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That’s that over for another year then

Sometimes the smallest of things can give you a new sense of well being and confidence.

The honest truth is that I have few sources of income in my advancing years – and many outgoings, but that’s another story – and, if I was an accountant, or the type to be well-organised and efficient, or even perhaps actually cared about money to the extent I should, I have little doubt that I would be capable of filling in my own annual income tax forms online and being done with it.

Many people in my social circles do.

Instead, largely because in my days of yore I had a slightly more complicated set-up than I do now, I have had a tame accountant for the last thirty years. I don’t think he’d care (if he ever found out) that I would not go so far as to describe him as an Einstein as regards accounting genius, but he’s a rock-solid operator who tells it like it is and possesses absolutely zero airs and graces.

Which is how I like my accountants.

And that’s why I pay around £500 per annum to have him chase me about supplying him with my few financial comings and goings every year in advance of him taking care of making my income tax return for me.

His chasings habitually begin about June every year (the tax year having concluded each 5th April, of course) and I run a file into which I chuck every C60 or P45, or whatever they are, whenever I have noticed they’ve arrived in the mail.

My accountant’s follow-up – and more insistent – reminders then begin arriving about September, then October … and then finally, shortly before Christmas, he sends me the “look, mate – please can you attend to this pronto, because shortly I shall be entering my busiest period of the year …” [his busiest period of the year being the month up to 31st January, after which any personal tax returns covering the previous financial year (this time 2016-2017, obviously) that have not been submitted run the risk of attracting penalty payments for not having been submitted before the deadline expires].

Dear readers, yesterday I managed to obtain the final item in my ‘little list’ – at least the final one that I was capable of supplying – and then rang my accountant to tell him (1) that this was the position, but that (2) the final, final item he required (a statement of my Governmental pension payments received and/or tax already paid) remained outstanding.

I should elaborate.

After nearly a week of searching everywhere I could think of for said item– my filing system has always been a bit hit and miss – I had admitted defeat to myself and yesterday first thing rang the Government Pension telephone line.

After the expected false start (inevitably, the official phone number had changed since they last wrote to me and so I had to take down a new number to call) I got through to somebody who cheerily informed me that they never automatically send out an income tax-year statement – as the banks and building societies do: they only send one out if someone requests it.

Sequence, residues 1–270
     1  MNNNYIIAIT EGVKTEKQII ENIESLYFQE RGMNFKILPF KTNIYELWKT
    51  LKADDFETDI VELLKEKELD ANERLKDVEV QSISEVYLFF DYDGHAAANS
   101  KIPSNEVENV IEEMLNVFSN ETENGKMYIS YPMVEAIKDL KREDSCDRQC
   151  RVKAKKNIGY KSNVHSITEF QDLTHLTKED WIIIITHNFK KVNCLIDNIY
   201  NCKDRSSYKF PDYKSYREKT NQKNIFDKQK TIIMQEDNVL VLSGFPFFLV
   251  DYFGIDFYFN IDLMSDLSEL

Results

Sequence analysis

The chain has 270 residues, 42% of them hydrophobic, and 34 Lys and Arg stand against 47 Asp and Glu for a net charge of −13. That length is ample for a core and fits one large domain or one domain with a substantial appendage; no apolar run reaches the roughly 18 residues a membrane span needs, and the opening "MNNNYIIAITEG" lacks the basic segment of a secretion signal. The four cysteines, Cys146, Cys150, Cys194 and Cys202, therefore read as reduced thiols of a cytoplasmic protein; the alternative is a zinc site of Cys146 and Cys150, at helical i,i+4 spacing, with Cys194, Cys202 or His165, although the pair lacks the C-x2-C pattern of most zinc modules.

Of which fact – inevitably, of course – nobody had ever taken the trouble to inform me.

Of course, having assumed that the logical thing was and is that they always do send one but that (through my always haphazard approach to life and my filing) I had mislaid it somewhere in my flat, I had been searching in vain for it – on and off – since about last July without success.

Anyway. Hiding his astonishment that I had actually shown signs of life at all as best he could, my accountant responded to the effect that, of course, the Pensions people had always been a complete law unto themselves.

He went on to say that I should just send in everything else because – if it was true that I’d amassed evidence of everything else he needed to know – from previous workings and by ringing his ‘tame’ local HMRC man, he could work out what my pension income details were himself. And if not, he could cut a deal with his local ‘tame’ HMRC man which would put my tax return to bed.

I don’t for a moment think he’d be wrong in saying that – given, for example, that one of the items I have to supply every year is a bank’s statement of the interest I have gained on what I call one of my ‘current’ bank accounts (but which is in fact called something else that I cannot currently remember) which – during the financial year 2016-2017 in this case – came to less than £1!

Upon hearing this glad news, on a whim I suddenly decided to jump into my car and drive 34 miles into the countryside in order to drop my documentation off at my accountant’s office in person.

Which I duly did.

Yippee! That my income tax return done and dusted for … er … another twelve months.

Postscript

As it happens, there was another ‘pleasant’ item that emerged earlier this week. I had received a missive from another bank I had an account with informing me that, if I didn’t contact them by 20th January, my account with them would be discontinued for being ‘dormant’.

I therefore waddled down to my local branch and closed my account – coming out into the street daylight again some £224 in cash better off.

I don’t know what the country’s supposed doom and gloom about Brexit and the economy is coming from. From where I’m sitting, life is a piece of cake!

 

 

About Bryn Thomas

After a longer career in travel agency than he would care to admit, Bryn became a freelance review of hotels and guest houses at the suggestion of a former client and publisher. He still travels and writes for pleasure. More Posts